Whistleblowing: a new regulation in France in January 2018

Published on 10th Jan 2018

While members of the European Parliament are calling for a whistleblowing program to protect whistleblowers who contribute to protect the EU financial interests, France recently enacted the Sapin II Act on transparency, tackling corruption and modernisation of business life, which regulates whistleblowing programs aiming at ensuring whistleblowers protection. The detailed new legislation imposes a specific obligation on companies with more than 50 employees to ensure they have in place a whistleblowing programme that complies with certain requirements.

While some protection measures already existed under French law, they were limited to certain specific fields, such as corruption or crimes an employee had been aware in their functions, public health and environmental issues or public officials’ conflicts of interests.

These measures have been repealed or amended by the Sapin II Act (and decree n°2017-564 dated 19 April 2017), which provides for a general whistleblowing regulation.

Definition of a whistleblower:

The Sapin II Act defines whistleblowers as individuals (thus excluding legal entities) disclosing or reporting, in good faith, a crime, an offence, a violation of an international commitment, a law or regulation infringement, a threat or an important prejudice to the general interest he or she became aware of.

The law specifies that the whistleblower acts in a desinterested way, only in consideration of the general interest. Such rule clearly rejects the US approach where some pieces of legislation as the Dodd Franck Act allow whistleblowers to be financially rewarded for their alert (the reward can amount to 30% of the sentenced financial sanctions, which exceed $1 million).

The alert recipients:

The Sapin II Act determines who are the alert recipients, on a step-by-step basis.

The first recipient should be the whistleblower’s direct or indirect supervisor, their employer or a referent appointed by the employer. The referent may be an individual or an entity having or not the legal personality, and may either be part of the organization or external to such organization. It shall have the skills, the authority and sufficient power/means to carry out its missions.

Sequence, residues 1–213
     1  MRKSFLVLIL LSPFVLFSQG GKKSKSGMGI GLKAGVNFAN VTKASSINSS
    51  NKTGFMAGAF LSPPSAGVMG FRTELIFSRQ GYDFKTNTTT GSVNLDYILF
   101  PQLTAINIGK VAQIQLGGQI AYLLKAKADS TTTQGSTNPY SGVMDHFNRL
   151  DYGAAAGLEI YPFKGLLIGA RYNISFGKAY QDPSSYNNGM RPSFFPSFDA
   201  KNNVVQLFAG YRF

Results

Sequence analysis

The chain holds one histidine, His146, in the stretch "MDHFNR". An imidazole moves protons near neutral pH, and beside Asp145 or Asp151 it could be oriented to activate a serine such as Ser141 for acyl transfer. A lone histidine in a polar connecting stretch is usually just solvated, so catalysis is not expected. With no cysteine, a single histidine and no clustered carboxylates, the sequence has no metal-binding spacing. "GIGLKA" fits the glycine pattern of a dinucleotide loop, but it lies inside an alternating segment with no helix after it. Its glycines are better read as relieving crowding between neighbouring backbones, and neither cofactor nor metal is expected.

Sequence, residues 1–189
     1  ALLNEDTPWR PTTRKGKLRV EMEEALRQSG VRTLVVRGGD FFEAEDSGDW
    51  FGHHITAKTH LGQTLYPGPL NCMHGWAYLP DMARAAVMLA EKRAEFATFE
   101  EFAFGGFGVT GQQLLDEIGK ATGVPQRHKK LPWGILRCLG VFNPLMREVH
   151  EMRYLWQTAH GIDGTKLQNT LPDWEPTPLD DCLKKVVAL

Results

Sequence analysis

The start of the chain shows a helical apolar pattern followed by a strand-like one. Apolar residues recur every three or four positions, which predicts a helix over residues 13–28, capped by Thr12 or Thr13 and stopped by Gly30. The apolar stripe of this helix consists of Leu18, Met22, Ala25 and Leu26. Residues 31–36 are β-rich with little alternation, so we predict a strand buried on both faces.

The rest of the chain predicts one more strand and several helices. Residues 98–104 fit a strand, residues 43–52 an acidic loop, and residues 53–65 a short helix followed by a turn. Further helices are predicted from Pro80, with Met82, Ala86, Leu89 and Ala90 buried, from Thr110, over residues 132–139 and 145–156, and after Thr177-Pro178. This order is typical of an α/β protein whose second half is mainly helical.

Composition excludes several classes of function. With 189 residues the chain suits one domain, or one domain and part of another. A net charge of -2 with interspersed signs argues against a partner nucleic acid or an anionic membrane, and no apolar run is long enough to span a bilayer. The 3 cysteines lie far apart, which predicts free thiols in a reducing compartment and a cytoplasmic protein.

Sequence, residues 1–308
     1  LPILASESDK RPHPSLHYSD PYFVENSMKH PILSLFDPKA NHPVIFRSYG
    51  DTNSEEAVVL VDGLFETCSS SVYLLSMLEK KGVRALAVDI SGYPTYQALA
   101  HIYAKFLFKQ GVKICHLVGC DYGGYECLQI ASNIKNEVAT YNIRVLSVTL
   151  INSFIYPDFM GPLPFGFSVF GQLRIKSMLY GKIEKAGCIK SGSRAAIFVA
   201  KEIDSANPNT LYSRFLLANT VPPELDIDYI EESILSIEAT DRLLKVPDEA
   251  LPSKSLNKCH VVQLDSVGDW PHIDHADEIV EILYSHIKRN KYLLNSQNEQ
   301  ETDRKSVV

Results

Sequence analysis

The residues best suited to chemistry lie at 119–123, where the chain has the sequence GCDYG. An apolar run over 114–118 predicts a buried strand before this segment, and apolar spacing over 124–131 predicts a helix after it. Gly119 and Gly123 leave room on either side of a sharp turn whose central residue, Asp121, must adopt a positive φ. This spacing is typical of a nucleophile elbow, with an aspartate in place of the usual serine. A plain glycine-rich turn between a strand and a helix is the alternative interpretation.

Should the first recipient fail to verify within a reasonable time the alert’s admissibility, the alert should be filed to judicial or administrative authorities or professional orders.

Finally and as a last resort, if those authorities have not dealt with the alert within three months, the alert may be made public.

In any case, in the event of a serious and imminent danger or of a risk of irreversible damage, the alert can be directly filed to judicial or administrative authorities or to professional orders.

Obligation for companies with more than 50 employees to implement an in-house whistleblowing program:

According to the Sapin II Act and the decree n°2017-564, companies employing more than 50 individuals were required to implement an appropriate whistleblowing program by 1 January 2018. A single alert collection procedure can be implemented in a group of companies after decision of the competent entities’ bodies.

Such whistleblowing in-house program should not be mixed up with the obligations to implement an internal anti-corruption program, which must be adopted by some companies (meeting defined criteria) under the Sapin II Act. Such internal program shall, however, comply with the rules regarding the protection of whistleblowers.

The decree n°2017-564 has specified the requirements applying to the whistleblowing in-house schemes:

  • The alert collection procedure shall provide for the modalities and conditions according to which the whistleblower may file an alert, evidence it, or if applicable, communicate with the alert recipient.
  • The alert collection program shall specify the measures taken by the company to:
    • inform without delay the whistleblower of the receipt of their alert, of the reasonable timeline to examine its admissibility and the conditions under which they will be informed of the consequences;
    • guarantee the strict confidentiality of the whistleblower identity, the reported facts and targeted individuals; and
    • destroy the pieces of the alert identifing the whistleblower and the individuals involved when no action has followed such alert.